I arrived in the afternoon, checked into my room and had a bit of an explore and a swim. I didn’t get much of a chance to chat to anyone, and by then I was wondering if my idea to come on my own was a good one. But as I had checked in I had overheard one of the staff talking to another guest and asking whether they wanted to join a table in the dining room to be with other guests as they were on there own. So determined to make an effort, I marched back to reception, and asked one of the receptionists about the dining arrangements. She told me that yes, there was a table called the Champneys table, and if you were on your own, you could join in at 7pm and have a chance to meet fellow guests whilst eating.

Well,  I have to report that talking to strangers on the Champneys table made my stay! That night I met 3 other really interesting ladies, all completely different in ages and backgrounds, but we had a great time talking. We agreed to meet again the next night, when we were joined by a couple more single guests and again enjoyed chatting whist we ate. What was even better was the fact that I then kept bumping into the people I’d talked to the next day, so there was a further chance to chat whilst doing an exercise class, or whilst eating lunch.

One of the guests was particularly interesting to talk to. She was brought up in Scotland and sent to Sunday school in the local Kirk but at an early age she walked out one day declaring that it was a load on nonsense and that she was never going back! At the age of 16 when she was living in London she learnt about buddhism and became a buddhist. She had lived abroad quite a lot with her husband and when she mentioned that she still flew quite often  because she was involved with a charity I asked her what the charity was. It turns out she helped set up a monastery in Nepal for buddhist nuns. She was responding to an opportunity to help a friend who she had met in London when they both became buddhists - the friend had spent 12 years in Nepal meditating in a cave and she mentioned a book about it, called “Cave in the Snow”.  Wow! How interesting. And to think I could have been dining alone, scrolling through facebook on my phone or reading a book.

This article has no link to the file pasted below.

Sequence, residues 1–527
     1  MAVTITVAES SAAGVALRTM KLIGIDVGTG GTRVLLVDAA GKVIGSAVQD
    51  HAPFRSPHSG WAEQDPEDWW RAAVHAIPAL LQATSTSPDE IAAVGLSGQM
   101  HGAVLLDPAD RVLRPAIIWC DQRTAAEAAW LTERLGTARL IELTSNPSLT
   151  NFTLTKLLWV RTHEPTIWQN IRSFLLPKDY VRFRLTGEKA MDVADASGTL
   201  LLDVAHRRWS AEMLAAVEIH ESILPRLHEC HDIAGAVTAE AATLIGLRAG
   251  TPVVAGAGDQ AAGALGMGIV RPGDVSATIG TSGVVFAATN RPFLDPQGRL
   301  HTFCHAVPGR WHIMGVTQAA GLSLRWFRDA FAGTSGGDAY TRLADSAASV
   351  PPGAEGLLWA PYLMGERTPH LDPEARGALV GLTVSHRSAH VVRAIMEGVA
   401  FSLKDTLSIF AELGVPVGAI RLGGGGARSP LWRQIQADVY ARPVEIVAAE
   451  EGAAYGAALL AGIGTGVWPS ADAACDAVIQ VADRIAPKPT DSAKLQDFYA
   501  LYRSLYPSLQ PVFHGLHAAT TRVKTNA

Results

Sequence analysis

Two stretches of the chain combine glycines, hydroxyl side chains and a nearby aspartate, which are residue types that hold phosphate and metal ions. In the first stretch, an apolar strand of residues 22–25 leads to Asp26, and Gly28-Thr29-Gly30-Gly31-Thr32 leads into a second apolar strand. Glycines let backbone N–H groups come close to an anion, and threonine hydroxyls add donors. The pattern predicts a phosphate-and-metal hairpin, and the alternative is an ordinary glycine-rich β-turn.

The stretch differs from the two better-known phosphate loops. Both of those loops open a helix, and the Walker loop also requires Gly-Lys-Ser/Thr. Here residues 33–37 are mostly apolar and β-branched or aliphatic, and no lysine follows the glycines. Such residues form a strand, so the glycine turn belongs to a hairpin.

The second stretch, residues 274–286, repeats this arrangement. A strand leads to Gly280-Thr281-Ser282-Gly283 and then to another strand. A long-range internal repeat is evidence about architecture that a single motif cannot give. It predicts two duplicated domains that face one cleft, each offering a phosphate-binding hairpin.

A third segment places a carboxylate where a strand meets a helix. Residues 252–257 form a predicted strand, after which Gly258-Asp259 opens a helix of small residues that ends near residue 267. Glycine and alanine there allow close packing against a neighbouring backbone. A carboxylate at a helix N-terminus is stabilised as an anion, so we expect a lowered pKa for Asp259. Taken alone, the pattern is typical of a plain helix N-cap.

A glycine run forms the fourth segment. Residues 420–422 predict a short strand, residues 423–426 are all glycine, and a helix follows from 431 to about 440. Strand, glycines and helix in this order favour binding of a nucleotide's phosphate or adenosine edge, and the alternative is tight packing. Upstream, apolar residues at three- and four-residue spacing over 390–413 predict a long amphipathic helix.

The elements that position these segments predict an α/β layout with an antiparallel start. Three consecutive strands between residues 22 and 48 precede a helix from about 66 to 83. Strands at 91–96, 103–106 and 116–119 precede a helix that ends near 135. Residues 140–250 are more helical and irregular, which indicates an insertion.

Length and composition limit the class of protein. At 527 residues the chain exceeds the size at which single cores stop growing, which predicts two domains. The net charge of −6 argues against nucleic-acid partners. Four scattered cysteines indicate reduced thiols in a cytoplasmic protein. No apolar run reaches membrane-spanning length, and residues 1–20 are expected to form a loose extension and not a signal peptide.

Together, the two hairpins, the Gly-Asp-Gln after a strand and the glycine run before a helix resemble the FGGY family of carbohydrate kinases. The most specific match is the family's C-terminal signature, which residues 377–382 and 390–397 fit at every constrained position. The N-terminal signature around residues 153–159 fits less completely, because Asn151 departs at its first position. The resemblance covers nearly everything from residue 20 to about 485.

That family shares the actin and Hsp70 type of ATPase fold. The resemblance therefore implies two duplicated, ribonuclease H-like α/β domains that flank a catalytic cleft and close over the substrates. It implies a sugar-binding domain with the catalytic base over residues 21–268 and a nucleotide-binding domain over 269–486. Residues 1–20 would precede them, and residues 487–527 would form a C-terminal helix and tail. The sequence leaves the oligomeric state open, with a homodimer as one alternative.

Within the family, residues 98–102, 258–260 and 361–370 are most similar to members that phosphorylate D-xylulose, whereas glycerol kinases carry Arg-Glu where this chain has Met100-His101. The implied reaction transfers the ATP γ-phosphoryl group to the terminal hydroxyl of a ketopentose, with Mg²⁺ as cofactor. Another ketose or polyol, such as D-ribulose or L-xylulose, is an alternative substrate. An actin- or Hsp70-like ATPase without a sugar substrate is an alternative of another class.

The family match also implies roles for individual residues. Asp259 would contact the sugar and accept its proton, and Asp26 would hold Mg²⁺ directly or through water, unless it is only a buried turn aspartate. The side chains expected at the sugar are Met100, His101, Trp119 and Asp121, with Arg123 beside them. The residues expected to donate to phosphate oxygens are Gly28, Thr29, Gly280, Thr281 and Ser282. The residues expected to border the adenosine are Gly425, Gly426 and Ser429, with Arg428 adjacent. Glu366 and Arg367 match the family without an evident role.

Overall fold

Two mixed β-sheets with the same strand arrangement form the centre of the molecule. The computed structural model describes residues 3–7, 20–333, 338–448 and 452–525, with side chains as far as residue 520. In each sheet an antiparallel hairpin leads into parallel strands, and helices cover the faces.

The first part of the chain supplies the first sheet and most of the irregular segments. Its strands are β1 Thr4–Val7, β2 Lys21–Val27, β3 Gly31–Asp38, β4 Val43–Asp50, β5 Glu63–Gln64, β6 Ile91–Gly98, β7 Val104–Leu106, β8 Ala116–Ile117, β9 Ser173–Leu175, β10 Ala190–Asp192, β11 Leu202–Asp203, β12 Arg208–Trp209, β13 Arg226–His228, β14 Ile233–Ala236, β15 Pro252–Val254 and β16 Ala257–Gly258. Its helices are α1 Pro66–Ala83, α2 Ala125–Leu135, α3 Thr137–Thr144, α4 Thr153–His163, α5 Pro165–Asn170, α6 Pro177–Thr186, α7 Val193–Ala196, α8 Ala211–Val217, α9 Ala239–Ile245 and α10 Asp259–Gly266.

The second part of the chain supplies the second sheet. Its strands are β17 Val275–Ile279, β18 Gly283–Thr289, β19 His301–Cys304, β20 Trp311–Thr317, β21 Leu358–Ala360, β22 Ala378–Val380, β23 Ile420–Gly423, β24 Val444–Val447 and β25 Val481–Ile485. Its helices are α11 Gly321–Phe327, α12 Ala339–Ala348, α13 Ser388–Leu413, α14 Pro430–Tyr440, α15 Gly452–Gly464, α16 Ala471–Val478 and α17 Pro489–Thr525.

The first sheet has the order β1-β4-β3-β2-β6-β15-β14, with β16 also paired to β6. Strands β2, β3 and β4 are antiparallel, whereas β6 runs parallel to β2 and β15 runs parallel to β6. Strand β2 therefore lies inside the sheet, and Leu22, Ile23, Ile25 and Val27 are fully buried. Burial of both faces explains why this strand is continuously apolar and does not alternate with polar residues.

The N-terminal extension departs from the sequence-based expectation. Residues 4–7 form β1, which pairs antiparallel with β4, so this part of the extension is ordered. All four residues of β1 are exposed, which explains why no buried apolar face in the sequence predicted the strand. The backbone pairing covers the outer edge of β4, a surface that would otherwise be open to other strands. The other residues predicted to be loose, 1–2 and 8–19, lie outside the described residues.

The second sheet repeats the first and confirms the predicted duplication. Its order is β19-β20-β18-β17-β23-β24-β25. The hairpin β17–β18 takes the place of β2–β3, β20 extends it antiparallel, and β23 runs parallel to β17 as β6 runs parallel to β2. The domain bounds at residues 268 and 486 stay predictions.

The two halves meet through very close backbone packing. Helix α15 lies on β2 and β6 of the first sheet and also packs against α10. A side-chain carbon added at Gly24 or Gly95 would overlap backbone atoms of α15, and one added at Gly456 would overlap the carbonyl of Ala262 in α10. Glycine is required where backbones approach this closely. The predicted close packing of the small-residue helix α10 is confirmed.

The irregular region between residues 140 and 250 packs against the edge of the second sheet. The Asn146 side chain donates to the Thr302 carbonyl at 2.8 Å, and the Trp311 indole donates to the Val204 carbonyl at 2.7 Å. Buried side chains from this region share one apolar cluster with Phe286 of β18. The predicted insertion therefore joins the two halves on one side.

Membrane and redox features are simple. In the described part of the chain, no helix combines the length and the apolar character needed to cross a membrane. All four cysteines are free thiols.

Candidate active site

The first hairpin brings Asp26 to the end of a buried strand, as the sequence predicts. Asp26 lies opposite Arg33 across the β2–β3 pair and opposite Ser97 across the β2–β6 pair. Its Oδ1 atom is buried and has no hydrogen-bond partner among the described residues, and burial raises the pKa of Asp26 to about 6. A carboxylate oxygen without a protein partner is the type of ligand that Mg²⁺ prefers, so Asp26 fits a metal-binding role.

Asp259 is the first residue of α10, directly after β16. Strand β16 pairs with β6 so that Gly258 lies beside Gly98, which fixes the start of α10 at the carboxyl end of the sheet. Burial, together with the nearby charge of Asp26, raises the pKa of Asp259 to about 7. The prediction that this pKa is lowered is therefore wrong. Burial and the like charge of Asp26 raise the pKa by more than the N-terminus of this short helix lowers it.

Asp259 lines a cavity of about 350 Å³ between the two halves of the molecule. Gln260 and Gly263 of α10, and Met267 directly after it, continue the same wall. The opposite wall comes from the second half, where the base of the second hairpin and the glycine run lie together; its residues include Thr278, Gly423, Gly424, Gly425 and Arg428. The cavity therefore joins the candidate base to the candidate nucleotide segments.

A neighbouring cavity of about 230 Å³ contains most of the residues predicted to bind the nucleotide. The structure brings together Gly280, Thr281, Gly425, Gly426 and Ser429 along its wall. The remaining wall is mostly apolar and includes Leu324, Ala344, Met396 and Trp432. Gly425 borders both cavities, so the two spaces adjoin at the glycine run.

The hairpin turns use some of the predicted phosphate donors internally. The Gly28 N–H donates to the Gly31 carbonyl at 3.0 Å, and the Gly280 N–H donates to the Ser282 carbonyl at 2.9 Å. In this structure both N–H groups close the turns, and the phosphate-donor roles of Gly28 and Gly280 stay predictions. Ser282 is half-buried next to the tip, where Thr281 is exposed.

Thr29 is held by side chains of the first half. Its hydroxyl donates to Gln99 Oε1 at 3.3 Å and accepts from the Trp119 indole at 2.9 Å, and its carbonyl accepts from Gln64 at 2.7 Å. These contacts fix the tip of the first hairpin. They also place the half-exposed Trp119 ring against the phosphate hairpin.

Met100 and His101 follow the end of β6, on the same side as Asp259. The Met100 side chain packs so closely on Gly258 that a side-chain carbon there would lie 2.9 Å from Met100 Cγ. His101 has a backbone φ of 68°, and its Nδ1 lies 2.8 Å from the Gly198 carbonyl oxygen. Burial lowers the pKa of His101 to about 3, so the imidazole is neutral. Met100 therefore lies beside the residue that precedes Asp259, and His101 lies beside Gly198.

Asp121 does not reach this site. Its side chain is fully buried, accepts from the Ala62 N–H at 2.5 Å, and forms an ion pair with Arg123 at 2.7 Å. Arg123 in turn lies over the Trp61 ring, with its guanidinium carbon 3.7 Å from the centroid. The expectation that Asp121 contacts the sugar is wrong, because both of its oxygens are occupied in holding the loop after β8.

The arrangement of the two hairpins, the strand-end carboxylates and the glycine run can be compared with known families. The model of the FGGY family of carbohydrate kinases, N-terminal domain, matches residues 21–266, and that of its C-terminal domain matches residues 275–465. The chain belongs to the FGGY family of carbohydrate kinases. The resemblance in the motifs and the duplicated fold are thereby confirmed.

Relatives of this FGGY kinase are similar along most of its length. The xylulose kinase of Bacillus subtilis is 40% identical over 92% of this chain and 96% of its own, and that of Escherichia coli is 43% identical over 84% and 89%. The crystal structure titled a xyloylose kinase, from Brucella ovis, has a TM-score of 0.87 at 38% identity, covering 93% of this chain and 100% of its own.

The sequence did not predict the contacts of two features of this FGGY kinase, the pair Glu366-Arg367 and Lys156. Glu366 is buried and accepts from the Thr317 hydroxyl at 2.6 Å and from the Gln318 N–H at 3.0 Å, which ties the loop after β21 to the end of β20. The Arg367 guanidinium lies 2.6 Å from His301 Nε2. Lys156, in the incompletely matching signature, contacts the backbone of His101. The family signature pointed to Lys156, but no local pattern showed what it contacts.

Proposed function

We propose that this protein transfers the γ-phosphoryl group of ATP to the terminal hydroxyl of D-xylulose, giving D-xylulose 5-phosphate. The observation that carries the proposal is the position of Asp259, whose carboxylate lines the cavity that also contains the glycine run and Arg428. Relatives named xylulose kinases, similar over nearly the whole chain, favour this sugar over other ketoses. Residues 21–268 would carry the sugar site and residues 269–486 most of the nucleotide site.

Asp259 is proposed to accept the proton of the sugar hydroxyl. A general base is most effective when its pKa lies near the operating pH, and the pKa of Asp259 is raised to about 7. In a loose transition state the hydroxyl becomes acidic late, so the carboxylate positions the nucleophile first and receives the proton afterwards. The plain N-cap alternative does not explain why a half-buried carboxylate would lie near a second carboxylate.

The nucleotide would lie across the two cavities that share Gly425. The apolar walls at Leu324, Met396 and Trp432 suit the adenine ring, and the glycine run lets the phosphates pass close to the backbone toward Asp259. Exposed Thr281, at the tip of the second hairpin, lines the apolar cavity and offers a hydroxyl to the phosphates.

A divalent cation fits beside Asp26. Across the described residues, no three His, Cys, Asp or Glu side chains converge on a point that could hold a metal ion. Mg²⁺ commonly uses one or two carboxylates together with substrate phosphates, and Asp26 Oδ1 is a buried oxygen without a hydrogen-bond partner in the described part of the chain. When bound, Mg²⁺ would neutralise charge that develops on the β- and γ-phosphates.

I still haven’t initiated a conversation on the bus with someone I don’t know, but maybe I will now. And I can see all around me those little interactions that do us all good. Talking to fellow dog walkers. The English preoccupation with the weather. Chatting to customers in Oxfam. My father who used to be shy who now will chat to just about anyone that he meets given half a chance. 

Some people find it easy to chat to people they don’t know, I was a shy child and have overcome that shyness as I’ve grown up, but it still strikes me at times. But it’s good to be reminded that it’s worth making the effort. My son summed it up the other day beautifully for me the other day when he told me that he can talk to just about anyone that he meets now because he’s realised that underneath they are people, just like us.




Wednesday, 20 February 2019

What is Mindfulness? The confusion continues.

In the last few weeks I’ve been reading up about Mindfulness - something I’ve heard of before but never quite got to grips with what it means. I’ve been reading various books on mindfulness, tried meditating and a couple of different workshops, but I’m still slightly confused.

At the heart of this is is the question of how do we define Mindfulness, so I guess wikipedia is a good place to start.

In wikipedia it states “Mindfulness is the psychological process of bringing one's attention to experiences occurring in the present moment, which one can develop through the practice of meditation and through other training.”

Another definition from mindfulness for Dummies states “Mindfulness means paying attention on purpose, in the present moment, infused with qualities like kindness, curiosity and acceptance”.

And a third - Dr  Jon Kabat-Zinn states “Mindfulness means paying attention in a particular way: on purpose, in the present moment, and non-judgmentally”.

So looking at those definitions I can see that mindfulness is about paying attention to the present moment. A good start. And we can meditate to be better at it. That’s fine too. But then we to add in being non-judgmental, kindness, compassion, curiosity. And although at one level, I get this, I think this is where I start to struggle as we are now encompassing all sorts of other ideas as well. Not that it’s a bad idea but I feel like the whole concept of mindfulness has grown out and up into something large and nebulous I can’t quite get hold of. 

Last month I focussed on gratitude and keeping a gratitude journal.  Somehow that seemed natural and easy and specific. I understood what gratitude was. I could write down what I was grateful for, and the act of focussing on those things every day spilt out into my everyday thinking and made me feel happier and more alive.